Methadone and Suboxone treatments are vastly different, but patients can switch from a methadone treatment program to a Suboxone program.
Methadone itself is an opioid that binds to receptors in the brain the same way that heroin or other pain medications do. Because methadone is a pure opioid agonist (binds to the receptors just like heroin or oxycodone) it requires a very structured program where patients often come to the clinic and get their medication, and then take the pills in front of a person working at the facility. In the United States, methadone can also be used as a pain medication.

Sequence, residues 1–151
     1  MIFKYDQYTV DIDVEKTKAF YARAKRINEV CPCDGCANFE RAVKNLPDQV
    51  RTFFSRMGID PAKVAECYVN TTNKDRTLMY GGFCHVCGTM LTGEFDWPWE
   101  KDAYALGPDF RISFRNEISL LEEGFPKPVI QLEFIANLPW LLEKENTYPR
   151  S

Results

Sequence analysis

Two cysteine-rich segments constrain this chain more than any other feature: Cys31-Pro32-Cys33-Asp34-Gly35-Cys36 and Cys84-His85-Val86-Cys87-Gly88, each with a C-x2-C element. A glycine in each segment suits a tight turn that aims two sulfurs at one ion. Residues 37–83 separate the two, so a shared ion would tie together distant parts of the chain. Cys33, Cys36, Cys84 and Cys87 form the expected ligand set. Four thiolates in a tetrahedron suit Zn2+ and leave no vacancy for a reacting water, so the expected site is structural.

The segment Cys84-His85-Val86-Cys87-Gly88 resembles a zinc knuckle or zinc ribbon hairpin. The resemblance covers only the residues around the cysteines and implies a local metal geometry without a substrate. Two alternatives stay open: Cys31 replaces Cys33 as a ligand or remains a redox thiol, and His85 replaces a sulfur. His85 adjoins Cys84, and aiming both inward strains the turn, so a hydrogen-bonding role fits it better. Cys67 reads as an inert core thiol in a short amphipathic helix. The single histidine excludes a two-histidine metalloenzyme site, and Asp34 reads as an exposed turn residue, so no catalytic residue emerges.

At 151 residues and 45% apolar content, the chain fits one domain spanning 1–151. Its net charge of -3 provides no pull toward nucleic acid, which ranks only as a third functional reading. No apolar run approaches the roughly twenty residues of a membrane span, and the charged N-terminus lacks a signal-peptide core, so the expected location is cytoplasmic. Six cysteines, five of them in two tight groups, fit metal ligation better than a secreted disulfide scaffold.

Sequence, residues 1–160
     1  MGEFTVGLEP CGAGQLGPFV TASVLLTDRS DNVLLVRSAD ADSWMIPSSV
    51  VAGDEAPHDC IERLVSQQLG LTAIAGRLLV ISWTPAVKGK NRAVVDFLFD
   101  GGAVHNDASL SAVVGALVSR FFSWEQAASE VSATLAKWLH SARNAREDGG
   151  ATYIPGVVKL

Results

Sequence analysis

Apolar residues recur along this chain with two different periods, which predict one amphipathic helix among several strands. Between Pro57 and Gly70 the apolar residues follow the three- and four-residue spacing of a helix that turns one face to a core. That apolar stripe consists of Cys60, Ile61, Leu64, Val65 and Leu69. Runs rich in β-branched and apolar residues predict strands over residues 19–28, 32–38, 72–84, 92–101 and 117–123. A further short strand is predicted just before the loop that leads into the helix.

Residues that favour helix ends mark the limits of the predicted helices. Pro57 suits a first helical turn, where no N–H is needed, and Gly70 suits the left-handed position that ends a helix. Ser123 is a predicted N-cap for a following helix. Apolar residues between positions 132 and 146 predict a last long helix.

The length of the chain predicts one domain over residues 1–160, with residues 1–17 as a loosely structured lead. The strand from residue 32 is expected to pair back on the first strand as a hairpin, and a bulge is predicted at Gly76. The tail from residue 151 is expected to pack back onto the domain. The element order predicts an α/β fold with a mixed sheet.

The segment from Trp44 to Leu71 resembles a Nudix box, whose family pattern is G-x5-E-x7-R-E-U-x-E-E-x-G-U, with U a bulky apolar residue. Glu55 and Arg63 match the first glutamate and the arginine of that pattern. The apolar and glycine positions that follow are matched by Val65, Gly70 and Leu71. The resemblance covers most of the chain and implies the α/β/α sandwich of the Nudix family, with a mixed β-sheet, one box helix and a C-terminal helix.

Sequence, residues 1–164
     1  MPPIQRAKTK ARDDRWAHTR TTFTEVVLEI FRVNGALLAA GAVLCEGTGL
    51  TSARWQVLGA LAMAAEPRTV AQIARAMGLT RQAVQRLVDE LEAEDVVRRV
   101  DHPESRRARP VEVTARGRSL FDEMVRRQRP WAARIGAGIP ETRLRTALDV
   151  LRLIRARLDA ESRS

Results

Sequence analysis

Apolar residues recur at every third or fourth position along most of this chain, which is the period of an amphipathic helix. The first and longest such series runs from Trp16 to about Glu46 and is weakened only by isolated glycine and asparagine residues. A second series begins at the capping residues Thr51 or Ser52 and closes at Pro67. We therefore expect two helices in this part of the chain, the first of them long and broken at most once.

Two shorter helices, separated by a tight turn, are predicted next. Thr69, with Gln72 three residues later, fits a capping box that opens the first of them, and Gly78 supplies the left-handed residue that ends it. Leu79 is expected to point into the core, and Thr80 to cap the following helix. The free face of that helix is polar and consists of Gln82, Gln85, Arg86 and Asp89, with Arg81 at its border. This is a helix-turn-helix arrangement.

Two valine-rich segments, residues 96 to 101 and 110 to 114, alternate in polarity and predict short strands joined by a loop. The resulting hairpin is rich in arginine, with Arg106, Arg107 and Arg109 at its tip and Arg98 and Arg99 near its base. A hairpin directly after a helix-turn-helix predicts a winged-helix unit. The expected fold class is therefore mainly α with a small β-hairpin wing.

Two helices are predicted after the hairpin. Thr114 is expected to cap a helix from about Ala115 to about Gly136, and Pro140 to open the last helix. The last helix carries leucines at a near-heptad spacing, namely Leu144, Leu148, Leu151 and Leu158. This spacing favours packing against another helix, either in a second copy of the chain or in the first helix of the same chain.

Alternatively, Bupernorphine (one of the medicines in Suboxone) is a partial agonist, meaning that it binds to the opioid receptors, but in a different manner. Suboxone also contains naloxone, which is a medication that prevents you from getting a "high" while on the medicine. These two medications combined allow Suboxone to treat both your cravings and withdrawal symptoms. This also allows the medication to be used by the patient in their home and doesn't require daily visits to receive the medication.